The Brennan Center for Justice released a report on Thursday that explores crime trends in 30 cities in 2015. In it, the report’s authors sought to test a hypothesis put forth by some scholars and journalists about a purported crime wave this year.
First, some brief background. In a widely shared May 29 op-ed titled “The New Nationwide Crime Wave” in The Wall Street Journal, the Manhattan Institute scholar Heather Mac Donald wrote about an apparent rise in homicides and other major crimes in some American cities in recent months. She called this rise the Ferguson effect, a term she borrowed from St. Louis police chief Sam Dotson, and described it as a “current surge in lawlessness” caused by “the intense agitation against American police departments over the past nine months.” In other words, the heightened scrutiny of American law enforcement led them to hesitate more on the job, thereby driving up crime.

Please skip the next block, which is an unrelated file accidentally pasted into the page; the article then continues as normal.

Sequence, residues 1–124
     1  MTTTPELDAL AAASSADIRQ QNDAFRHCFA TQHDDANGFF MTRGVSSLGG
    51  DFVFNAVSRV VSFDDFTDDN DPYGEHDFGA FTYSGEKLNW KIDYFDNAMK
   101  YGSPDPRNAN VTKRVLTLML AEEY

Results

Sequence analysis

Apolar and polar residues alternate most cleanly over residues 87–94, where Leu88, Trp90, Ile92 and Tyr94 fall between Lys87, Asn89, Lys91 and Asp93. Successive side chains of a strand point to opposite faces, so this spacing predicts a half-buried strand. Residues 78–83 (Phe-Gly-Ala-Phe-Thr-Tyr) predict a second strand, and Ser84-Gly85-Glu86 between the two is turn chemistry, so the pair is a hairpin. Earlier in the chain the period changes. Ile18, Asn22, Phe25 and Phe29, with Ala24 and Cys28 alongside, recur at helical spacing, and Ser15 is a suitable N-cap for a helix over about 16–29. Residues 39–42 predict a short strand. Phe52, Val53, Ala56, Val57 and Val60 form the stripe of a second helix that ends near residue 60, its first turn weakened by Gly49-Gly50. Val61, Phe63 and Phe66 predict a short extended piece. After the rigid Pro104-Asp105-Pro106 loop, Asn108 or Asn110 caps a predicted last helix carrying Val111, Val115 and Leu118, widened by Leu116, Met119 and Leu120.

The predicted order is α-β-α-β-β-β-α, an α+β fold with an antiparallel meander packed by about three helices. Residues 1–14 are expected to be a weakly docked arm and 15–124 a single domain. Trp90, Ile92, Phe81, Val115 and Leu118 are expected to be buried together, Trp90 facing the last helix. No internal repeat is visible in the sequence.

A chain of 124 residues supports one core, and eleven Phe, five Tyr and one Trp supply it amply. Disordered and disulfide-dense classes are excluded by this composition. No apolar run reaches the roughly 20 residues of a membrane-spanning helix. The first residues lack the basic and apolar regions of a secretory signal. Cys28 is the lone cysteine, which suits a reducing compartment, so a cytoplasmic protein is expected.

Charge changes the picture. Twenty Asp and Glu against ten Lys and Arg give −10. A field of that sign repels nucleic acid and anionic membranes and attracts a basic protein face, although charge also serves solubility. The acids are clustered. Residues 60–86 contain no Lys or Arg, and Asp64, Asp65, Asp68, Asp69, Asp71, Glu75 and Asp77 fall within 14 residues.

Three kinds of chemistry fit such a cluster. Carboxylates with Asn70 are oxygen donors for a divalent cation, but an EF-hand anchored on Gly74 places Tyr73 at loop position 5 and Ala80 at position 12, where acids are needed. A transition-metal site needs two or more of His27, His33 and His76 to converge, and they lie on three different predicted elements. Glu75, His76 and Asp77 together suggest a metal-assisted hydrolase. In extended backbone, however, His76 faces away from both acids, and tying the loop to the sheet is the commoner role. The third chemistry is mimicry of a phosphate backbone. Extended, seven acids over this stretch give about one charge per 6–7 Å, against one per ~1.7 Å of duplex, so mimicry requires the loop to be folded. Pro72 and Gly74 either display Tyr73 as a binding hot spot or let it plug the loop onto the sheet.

Mac Donald’s thesis provoked a significant amount of debate, both in defense of and in opposition to it. My colleague David Graham described the Ferguson effect as “the Bigfoot of American criminal justice: Fervently believed to be real by some, doubted by many others, reportedly glimpsed here and there, but never yet attested to by any hard evidence.” My other colleague Ta-Nehisi Coates called it an “utterly baseless suggestion.” But a number of major news outlets, including The New York Times, explored the idea and thereby gave it some legitimacy; FBI Director James Comey and DEA chief Chuck Rosenberg also cited it.